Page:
President Hayes among the top presidents for the economy, researcher says
Rutherford B. Hayes was one of the top presidents in U.S. history for having a positive effect on the economy, an associate professor at the Georgia Institute of Technology said.
Mark Zachary Taylor, a political scientist, spent years working in science technology policy and collecting data on how the U.S. economy has performed over the years. He decided to take that data and see if it showed how the president historically affected the economy.
Taylor plans to write a book about his findings. He spoke Monday, Nov. 25, at the Hayes Presidential Library & Museums and focused on presidents of the Gilded Age, the era from about 1870 to 1900, including Hayes.
Four presidents tied for the No. 1 ranking as best president for the economy: Franklin Delano Roosevelt, Warren G. Harding, Rutherford B. Hayes and William McKinley.
So what factors make a good economic president? In the Gilded Age, Taylor found these factors:
- Whether they dealt with a financial crisis and how they dealt with it
- Whether they were active in the economy
- Whether they had a vision for the country
- Their relationship with major actors
- Whether they built trust in financial economic institutions
Hayes scored well in these areas, Taylor said. He took an active role in the economy and pushing his vision for government. He strongly backed the gold standard for money, which calls for all paper money to be backed by gold instead of silver. Eventually, Congress overrode his veto of moving to silver, but he was steadfast in his views.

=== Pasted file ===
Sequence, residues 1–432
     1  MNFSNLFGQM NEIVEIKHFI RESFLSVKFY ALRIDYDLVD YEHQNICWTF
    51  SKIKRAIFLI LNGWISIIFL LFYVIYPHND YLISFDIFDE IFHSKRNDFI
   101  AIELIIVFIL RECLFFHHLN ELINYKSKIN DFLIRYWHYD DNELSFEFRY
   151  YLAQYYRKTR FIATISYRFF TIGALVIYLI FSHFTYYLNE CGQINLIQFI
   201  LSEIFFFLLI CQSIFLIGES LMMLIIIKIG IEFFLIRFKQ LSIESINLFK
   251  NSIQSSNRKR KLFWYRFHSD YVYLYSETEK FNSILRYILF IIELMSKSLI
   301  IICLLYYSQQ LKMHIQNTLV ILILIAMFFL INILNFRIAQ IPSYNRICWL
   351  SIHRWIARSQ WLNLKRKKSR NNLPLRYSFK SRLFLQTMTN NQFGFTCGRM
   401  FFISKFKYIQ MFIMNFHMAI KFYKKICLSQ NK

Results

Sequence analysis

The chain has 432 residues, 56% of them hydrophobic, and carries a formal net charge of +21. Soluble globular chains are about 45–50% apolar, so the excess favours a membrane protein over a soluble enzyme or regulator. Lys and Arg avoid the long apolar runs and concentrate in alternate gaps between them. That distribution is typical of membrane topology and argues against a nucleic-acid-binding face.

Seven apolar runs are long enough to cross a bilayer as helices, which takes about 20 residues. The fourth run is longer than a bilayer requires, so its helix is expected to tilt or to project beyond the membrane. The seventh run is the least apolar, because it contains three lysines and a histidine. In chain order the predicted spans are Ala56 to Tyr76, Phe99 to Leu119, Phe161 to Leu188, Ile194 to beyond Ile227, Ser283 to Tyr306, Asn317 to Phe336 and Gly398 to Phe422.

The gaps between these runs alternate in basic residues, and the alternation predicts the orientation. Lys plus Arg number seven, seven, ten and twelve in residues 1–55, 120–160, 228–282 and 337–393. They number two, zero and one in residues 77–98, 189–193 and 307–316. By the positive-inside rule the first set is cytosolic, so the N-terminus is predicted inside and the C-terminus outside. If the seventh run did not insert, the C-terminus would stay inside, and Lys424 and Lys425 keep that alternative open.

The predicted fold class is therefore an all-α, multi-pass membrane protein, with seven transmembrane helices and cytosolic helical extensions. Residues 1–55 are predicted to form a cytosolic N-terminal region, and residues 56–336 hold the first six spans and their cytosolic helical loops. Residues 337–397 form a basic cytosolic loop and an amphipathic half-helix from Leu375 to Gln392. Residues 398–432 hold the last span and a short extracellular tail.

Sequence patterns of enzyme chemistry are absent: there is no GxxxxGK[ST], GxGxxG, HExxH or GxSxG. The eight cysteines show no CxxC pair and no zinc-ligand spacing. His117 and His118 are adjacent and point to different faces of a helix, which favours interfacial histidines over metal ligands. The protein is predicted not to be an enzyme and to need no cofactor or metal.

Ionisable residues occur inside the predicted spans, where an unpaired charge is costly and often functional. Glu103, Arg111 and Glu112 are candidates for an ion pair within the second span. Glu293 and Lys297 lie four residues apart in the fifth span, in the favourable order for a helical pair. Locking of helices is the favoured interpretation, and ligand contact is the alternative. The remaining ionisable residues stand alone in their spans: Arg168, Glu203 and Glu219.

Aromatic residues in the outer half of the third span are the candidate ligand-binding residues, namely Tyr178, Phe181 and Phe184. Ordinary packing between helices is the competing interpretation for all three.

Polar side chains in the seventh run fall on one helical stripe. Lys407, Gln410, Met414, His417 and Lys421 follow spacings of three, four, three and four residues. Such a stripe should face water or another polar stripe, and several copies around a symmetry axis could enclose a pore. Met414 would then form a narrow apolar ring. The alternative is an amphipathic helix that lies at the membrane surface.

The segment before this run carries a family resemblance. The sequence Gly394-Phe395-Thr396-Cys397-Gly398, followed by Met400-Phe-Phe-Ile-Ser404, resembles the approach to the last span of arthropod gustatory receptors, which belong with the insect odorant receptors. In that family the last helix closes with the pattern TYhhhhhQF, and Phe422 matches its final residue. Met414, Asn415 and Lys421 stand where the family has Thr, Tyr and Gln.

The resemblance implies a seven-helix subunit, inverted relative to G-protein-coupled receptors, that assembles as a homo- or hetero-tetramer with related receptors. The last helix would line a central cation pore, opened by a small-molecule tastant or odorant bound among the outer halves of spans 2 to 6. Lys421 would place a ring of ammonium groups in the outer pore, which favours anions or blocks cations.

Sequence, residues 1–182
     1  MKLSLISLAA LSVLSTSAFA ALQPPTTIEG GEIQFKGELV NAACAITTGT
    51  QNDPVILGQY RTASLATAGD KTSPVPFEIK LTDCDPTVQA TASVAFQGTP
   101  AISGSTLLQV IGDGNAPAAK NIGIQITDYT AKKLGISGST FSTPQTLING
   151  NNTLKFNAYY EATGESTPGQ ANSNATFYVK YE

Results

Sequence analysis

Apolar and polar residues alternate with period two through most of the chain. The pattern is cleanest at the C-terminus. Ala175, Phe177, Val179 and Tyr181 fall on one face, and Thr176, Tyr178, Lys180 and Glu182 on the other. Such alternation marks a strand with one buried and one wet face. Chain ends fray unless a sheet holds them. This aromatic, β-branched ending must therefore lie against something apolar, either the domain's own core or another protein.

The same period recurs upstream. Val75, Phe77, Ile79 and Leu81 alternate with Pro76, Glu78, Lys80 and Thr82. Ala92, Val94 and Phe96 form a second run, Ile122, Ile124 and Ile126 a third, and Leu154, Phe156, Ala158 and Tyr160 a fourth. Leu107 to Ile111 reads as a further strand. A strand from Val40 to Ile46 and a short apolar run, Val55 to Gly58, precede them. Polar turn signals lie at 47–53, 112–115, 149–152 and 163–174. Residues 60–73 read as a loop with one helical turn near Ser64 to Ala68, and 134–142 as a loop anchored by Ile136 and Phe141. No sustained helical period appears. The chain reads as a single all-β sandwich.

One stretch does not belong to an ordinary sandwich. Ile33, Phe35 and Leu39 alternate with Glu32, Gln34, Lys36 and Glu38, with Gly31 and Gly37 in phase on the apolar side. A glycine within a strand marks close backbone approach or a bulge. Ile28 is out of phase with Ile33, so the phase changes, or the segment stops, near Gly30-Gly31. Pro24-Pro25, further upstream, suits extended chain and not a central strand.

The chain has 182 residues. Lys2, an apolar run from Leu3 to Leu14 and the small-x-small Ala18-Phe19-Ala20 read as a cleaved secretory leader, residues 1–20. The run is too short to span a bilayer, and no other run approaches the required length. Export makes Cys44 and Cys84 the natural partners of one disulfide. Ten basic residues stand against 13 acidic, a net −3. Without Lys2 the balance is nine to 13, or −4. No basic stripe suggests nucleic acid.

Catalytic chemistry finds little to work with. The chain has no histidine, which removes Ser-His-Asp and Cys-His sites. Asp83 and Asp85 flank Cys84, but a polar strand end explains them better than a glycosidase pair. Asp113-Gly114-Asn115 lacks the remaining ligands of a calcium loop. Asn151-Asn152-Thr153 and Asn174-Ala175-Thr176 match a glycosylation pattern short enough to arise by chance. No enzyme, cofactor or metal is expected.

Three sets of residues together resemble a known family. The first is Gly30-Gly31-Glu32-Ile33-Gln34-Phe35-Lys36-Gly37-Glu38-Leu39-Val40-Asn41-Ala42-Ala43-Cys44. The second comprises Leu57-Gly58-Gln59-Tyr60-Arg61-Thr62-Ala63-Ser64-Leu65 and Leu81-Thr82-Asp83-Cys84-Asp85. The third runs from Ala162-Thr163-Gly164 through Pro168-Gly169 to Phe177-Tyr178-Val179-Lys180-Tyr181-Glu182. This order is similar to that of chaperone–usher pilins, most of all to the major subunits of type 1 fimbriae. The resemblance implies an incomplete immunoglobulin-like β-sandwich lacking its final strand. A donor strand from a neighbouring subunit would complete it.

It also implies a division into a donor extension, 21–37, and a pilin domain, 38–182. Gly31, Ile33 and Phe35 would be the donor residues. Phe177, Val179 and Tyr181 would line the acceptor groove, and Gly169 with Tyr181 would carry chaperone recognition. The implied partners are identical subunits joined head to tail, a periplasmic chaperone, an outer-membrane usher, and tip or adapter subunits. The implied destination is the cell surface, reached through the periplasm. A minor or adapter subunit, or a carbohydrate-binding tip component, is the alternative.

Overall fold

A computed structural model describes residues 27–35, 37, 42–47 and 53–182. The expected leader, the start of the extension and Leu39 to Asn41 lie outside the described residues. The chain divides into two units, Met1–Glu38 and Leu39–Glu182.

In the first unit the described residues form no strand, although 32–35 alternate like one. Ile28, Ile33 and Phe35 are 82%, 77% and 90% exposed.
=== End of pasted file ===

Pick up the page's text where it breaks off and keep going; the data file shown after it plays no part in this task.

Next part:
“Hayes wanted a cleaner government, a more honest government and wanted the gold standard,” Taylor said. “You can find these consistent views back across time.
Hayes also put emphasis on building relationships with major actors, from talking with reporters, having congressmen over at the White House and touring the country and meeting people.
Other Gilded Age presidents who scored highly in these areas were fellow Ohioans James A. Garfield and William McKinley.
Things that historical evidence indicates don’t support being a good president for the economy include political party, job experience, education, intelligence and historical greatness, Taylor said.
To learn more about Taylor’s research and conclusions, visit mzak.net.
The Hayes Presidential Library & Museums is America’s first presidential library and the forerunner for the federal presidential library system. It is partially funded by the state of Ohio and affiliated with the Ohio History Connection. The Hayes Presidential Library & Museums is located at Spiegel Grove at the corner of Hayes and Buckland avenues.
For information, call 419-332-2081, or visit rbhayes.org. Like HPLM on Facebook at @rbhayespres and follow on Twitter and Instagram at @rbhayespres.